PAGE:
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Big Issues like the Flood of Illegal Aliens and the National Debt Were Ignored at CPAC

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Several organizations were disappointed following the 2020 Conservative Political Action Conference (CPAC).

The theme of this year’s CPAC was “America vs. Socialism.” After all, this is an election cycle with a self-described democratic socialist in Bernie Sanders running for office.

Billy Binion of Reason wrote “notably absent from the CPAC agenda was anything pertaining to the debt, deficit, or current levels of absurd government spending—an odd choice for a conference that sought to position itself as a banner carrier for responsible fiscal policy.”

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Instead, the conference focused around “incendiary characters like Diamond and Silk, Charlie Kirk, and Candace Owens, who do more to caricature the Right than provide constructive policy ideas. “

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When it came to substance, this conference did not deliver whatsoever.

Binion highlighted what was truly missing about America’s growing deficit:

“Trump has ‘fully embraced the idea that deficits don’t matter,’ writes Steven Greenhut for Reason, with fantastical budget proposals that fail to right America’s fiscal ship. His 2021 budget, for instance, requests $4.8 trillion in spending—a 21 percent increase from when Trump took office.”

Binion concluded by stating that “’America vs. Socialism,’ it turns out, was real-life clickbait.”

Reason posted a brief snippet of this article on Twitter, tweeting “Notably absent from the CPAC agenda was anything pertaining to the debt, deficit, or current levels of absurd government spending.”

This tweet prompted a response from the Twitter account of Center for Immigration Studies who said “Also absent was anything about the excessively high level of immigration.”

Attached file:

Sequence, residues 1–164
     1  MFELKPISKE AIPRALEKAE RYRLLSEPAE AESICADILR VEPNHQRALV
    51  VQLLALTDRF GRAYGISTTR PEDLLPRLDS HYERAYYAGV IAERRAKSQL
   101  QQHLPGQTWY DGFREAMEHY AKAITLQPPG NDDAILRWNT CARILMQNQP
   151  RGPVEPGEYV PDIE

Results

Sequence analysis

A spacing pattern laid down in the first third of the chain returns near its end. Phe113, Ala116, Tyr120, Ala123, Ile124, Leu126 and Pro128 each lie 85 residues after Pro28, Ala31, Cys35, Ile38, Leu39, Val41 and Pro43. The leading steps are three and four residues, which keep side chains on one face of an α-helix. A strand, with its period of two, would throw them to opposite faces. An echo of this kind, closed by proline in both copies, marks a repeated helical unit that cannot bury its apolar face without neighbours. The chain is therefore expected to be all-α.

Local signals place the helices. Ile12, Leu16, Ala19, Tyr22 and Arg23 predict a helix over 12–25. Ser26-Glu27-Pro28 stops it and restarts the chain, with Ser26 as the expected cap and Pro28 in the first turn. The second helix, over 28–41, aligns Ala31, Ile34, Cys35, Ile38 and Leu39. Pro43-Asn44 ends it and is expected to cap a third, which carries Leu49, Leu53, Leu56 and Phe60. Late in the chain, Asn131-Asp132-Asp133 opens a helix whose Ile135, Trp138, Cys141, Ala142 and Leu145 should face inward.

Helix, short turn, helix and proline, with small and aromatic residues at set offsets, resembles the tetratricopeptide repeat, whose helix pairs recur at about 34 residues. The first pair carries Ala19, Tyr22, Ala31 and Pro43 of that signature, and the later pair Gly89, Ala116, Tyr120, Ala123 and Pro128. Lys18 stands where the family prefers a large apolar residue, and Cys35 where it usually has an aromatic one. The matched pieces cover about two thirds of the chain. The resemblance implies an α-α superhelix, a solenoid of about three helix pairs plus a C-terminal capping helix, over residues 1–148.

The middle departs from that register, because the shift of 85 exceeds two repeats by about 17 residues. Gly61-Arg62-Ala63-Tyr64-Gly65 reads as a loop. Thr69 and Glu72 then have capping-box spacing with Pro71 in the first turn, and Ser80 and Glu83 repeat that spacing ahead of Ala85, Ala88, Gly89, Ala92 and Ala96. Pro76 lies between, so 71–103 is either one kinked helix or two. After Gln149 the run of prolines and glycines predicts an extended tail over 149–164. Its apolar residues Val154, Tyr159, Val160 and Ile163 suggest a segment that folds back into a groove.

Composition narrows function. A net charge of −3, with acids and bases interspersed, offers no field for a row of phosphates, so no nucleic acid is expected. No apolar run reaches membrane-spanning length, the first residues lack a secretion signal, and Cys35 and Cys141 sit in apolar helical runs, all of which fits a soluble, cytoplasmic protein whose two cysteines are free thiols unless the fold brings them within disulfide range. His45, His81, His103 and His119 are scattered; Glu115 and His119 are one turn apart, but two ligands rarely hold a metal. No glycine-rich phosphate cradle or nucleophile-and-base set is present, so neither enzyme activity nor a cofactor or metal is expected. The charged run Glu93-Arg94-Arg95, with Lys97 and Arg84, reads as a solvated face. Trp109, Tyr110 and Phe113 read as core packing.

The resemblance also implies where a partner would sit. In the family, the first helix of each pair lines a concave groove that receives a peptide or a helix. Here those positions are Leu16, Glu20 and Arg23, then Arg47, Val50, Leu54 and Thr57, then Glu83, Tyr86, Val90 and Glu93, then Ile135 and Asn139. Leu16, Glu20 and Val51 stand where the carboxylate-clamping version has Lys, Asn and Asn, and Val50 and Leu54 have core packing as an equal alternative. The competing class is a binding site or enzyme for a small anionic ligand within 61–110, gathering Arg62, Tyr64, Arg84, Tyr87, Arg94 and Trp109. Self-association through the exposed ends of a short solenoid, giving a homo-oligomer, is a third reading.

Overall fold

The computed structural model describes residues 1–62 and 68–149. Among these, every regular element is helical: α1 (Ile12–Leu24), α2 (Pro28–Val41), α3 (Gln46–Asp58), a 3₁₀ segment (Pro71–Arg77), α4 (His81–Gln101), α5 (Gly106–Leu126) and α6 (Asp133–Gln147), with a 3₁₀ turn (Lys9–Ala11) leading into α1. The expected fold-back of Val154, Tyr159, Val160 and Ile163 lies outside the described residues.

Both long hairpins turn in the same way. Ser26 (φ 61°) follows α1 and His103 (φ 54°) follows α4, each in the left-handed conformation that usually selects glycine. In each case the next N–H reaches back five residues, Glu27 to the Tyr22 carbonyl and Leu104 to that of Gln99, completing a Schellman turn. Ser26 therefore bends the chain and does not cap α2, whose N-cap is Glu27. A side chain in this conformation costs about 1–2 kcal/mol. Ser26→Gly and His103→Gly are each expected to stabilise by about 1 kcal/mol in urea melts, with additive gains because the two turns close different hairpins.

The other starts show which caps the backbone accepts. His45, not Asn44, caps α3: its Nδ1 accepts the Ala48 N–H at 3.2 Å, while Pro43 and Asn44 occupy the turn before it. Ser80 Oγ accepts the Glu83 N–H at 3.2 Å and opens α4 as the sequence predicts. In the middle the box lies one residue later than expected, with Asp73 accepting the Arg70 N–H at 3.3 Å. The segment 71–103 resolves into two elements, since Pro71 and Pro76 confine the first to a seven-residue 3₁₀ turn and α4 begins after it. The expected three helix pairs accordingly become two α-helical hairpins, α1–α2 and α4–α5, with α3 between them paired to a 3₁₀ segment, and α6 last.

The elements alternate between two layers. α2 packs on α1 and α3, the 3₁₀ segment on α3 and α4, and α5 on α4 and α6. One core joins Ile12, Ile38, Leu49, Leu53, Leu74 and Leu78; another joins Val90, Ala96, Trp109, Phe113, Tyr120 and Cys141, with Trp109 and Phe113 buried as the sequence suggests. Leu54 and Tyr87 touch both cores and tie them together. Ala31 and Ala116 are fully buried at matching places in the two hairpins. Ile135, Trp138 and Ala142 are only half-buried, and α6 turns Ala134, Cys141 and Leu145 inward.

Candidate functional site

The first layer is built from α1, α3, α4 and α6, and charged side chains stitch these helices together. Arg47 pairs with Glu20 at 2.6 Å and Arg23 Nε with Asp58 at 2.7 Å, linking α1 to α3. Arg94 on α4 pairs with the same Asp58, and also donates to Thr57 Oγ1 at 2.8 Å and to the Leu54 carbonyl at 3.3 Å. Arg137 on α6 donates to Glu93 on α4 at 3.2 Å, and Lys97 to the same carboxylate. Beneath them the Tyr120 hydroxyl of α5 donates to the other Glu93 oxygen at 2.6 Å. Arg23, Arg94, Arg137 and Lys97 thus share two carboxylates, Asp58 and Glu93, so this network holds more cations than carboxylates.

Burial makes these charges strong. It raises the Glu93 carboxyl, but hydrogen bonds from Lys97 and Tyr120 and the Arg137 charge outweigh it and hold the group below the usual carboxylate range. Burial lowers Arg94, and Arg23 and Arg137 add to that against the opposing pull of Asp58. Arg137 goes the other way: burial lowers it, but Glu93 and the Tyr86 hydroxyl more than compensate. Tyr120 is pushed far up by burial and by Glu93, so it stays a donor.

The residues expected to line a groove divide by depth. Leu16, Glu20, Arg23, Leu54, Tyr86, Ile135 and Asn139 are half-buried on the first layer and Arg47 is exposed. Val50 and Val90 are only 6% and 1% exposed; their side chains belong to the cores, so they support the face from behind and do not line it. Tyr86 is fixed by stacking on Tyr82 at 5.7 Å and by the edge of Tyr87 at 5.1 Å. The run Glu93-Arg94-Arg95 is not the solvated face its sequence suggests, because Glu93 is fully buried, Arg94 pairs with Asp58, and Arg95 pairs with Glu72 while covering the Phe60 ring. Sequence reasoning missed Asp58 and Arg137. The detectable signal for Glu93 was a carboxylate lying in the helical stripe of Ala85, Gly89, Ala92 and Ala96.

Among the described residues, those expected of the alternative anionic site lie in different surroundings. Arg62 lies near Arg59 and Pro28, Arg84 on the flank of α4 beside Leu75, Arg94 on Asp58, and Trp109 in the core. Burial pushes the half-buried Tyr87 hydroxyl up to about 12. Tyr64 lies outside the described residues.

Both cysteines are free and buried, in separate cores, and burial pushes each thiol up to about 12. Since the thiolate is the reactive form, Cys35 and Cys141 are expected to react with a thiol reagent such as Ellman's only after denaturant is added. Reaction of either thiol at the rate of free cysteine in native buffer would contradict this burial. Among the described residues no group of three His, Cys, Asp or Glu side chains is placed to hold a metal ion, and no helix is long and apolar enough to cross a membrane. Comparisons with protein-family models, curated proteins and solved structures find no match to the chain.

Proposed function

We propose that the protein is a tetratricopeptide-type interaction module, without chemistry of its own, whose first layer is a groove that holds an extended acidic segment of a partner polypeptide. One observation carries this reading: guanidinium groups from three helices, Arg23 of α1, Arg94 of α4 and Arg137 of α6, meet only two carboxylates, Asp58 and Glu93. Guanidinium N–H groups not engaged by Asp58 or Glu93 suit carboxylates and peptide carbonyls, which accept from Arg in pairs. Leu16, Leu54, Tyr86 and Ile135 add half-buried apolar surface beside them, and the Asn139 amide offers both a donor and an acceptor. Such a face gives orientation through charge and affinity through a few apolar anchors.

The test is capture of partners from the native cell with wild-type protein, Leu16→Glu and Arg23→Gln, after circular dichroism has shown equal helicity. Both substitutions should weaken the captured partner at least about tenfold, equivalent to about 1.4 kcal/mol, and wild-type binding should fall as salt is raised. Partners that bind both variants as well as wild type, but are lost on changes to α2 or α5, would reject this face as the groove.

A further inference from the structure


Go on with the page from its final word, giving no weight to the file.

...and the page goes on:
Indeed, both immigration and mass migration are some of the biggest issues confronting America.

According to the Federation for American Immigration Reform, there are 14.3 million illegal aliens, which cost American taxpayers $132 billion annually.

The national debt stands at $23 trillion at the moment.

However, the immigration question has a civilizational quality to it.

Based on the voting patterns of migrants coming to America after the 1965 Immigration Act, traditional American freedoms such as private gun ownership and freedom of speech could be potentially under threat once these migrants and their descendants become full-blown political participants.

For that reason, GOP voters view immigration as the #1 issue heading into November 2020, according to a BLP report.

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Will Josh Hawley be the Next Champion for an America First Foreign Policy?

America First May Have its Next Leader to End Wars Abroad

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Does America First have a new non-interventionist champion?

Missouri Senator Josh Hawley has been viewed by many as one of the figures who could potentially lead a Trumpist movement after Trump, should Joe Biden end up being installed as president on January 2021.